“Studies have shown that when a child looks in your eyes, when you talk to him or her, that deep bond and emotional connection assists in their growth, builds self-confidence and self-awareness,” she says.
Mrs. Budhi is encouraging more Jamaicans to become foster-parents. She notes that there are not enough facilities to accommodate children who are in need of care and protection.
“If we have enough foster parents to take care of these children, then we will be assured that children, who are in need of care and protection, will be taken care of, and this is why foster care is being pushed by the CPFSA,” she points out.
Dwayne Haynes was placed in foster care at eight years old agrees.
“Every child deserves to feel special, to have somebody there for them, someone to count on, because that is what is going to make the difference between my generation going in the wrong direction or going the right path,” he tells JIS News.
Dwayne was placed in the State care system due to his mother’s mental illness. After learning that he was a resident at the Maxfield Park Children’s Home, his grandfather applied to the CPFSA to become his foster-parent. Dwayne is the youngest of four children for his parents and was the only one to become a ward of the State.
Today, the 23-year-old University of the West Indies (UWI) and St. Jago High School graduate is pursuing a Master’s Degree in Marketing and Data Analytics at UWI and is also working with the Sandals Foundation.
A Residence Advisor for the Irvine Hall of Residence at UWI, Dwayne has high praises for the CPFSA.
He tells JIS News that the agency ensured that he and his foster-parent got all the help necessary to aid in his growth and development. He, too, is encouraging more responsible Jamaicans to become foster-parents. “A lot of times, persons are skeptical about foster care, not knowing how they will deal with issues that may arise, but everything in life is a risk,” he points out.
“Children in State care need somebody to take care of them,” he says, noting that “I am willing to give back a lot of my time to the children’s homes”.
The Foster Care Programme has been operating since 2004, and as at December 2017 there were some 767 children in the programme and 800 families providing foster care.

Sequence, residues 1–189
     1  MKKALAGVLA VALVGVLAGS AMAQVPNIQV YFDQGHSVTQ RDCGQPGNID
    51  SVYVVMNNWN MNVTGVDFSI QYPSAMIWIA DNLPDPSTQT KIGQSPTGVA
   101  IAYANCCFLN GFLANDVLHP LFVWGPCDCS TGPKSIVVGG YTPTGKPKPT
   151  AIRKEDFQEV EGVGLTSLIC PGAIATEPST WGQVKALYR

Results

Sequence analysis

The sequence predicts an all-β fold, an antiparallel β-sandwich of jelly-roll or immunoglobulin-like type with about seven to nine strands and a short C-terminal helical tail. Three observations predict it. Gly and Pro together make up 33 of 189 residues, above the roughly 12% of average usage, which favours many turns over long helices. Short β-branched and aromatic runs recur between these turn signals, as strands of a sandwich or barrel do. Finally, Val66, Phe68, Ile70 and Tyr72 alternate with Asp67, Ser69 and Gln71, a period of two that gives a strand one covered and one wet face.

Each child in foster care gets a bimonthly subvention, annual back-to-school assistance and medical support. The foster parents are exposed to training in childcare and receive certification upon completion.
To become a foster parent, one has to be a responsible adult between the ages of 25 and 65 years, single or a couple. Consideration is given to persons over 65 if they are in good health. Placement with a single male is only done if the applicant is related to the child, or in exceptional circumstances.
Interested persons must have suitable accommodations, be gainfully and consistently employed and must be willing to undergo a medical examination. When submitting their application, they must provide two references from a notary public, such as a justice of the peace or pastor; two passport-sized photographs and a police record.
A children’s officer will follow up with background checks and home visits to ensure that the environment in which the child will be living is up to the standard of care that the CPFSA sets out.
Mrs. Budhi explains that in order to ensure that the children are taken care of the CPFSA has developed 29 Standards of Care to which foster parents must adhere.
There are also monitoring officers who visit the foster homes and each child is assigned to a social worker, who works with the parent and child. There is zero-tolerance for breach of standards.
Persons who are interested in becoming a foster parent, may contact the CPFSA at 948-2841-2 or visit any of their offices islandwide for further information.
CAPTION: Twenty-three-year-old master’s student at the University of the West Indies (UWI), Mona, and former ward of the state, Dwayne Haynes.